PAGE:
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Physical disability and the experience of chronic pain

      Abstract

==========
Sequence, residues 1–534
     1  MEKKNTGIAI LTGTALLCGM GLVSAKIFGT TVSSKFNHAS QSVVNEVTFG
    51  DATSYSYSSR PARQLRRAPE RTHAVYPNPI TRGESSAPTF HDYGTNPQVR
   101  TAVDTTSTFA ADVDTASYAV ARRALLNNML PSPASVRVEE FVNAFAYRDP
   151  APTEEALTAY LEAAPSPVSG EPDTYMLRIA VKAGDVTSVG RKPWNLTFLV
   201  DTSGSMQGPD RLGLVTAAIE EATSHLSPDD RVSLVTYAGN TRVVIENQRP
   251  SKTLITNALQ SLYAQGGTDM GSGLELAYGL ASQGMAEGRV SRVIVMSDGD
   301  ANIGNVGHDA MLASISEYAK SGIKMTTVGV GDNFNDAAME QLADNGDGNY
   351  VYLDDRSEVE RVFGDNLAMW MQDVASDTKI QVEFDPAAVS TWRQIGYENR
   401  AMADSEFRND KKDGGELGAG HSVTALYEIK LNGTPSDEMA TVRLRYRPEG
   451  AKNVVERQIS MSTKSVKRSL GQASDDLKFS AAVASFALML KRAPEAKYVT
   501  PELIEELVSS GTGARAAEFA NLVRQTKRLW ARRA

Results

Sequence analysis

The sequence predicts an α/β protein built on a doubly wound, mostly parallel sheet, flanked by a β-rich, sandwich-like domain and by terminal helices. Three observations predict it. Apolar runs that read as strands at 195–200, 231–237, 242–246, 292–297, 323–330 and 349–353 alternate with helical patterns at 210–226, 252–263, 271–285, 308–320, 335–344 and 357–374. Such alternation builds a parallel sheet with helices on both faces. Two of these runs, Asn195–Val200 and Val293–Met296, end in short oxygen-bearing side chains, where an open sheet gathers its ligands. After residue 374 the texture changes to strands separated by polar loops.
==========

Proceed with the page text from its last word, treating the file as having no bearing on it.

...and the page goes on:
Dudgeon BJ, Gerrard BC, Jensen MP, Rhodes LA, Tyler EJ. Physical disability and the experience of chronic pain. Arch Phys Med Rehabil 2002;83:229-35. Objectives: To obtain an insider's view about disability-related pain to help rehabilitation clinicians understand the experience and to show how people with disability manage daily living and encounters with other people. Design: Qualitative methods by using open-ended interviews and thematic analysis. Setting: Rehabilitation research program. Participants: Nine adults with chronic physical disability and pain were recruited from study groups. The 9 included people with spinal cord injury, acquired amputation, or cerebral palsy. Intervention: Interview protocol. Main Outcome Measure: Phenomenologic analysis of interviews based on codewords derived from interview topics and themes. Results: Study participants described pain as a part of daily living that influenced many lifestyle decisions. They characterized pain as plural, meaning that it has multiple locations, distinctive descriptions, and different implications. They also were concerned about pain being a mystery, having unclear causes and consequences. Typically they described pain as a personal venture, with little or dissatisfying communication about pain with family, friends, or health care providers. Conclusions: Understanding pain associated with physical disability can help guide rehabilitation practitioners in their pain assessments, interventions, and related research. Our findings suggest that some people with disability-related pain may benefit from reassurance and specific planning for expected and unexpected pain episodes. © 2002 by the American Congress of Rehabilitation Medicine and the American Academy of Physical Medicine and Rehabilitation

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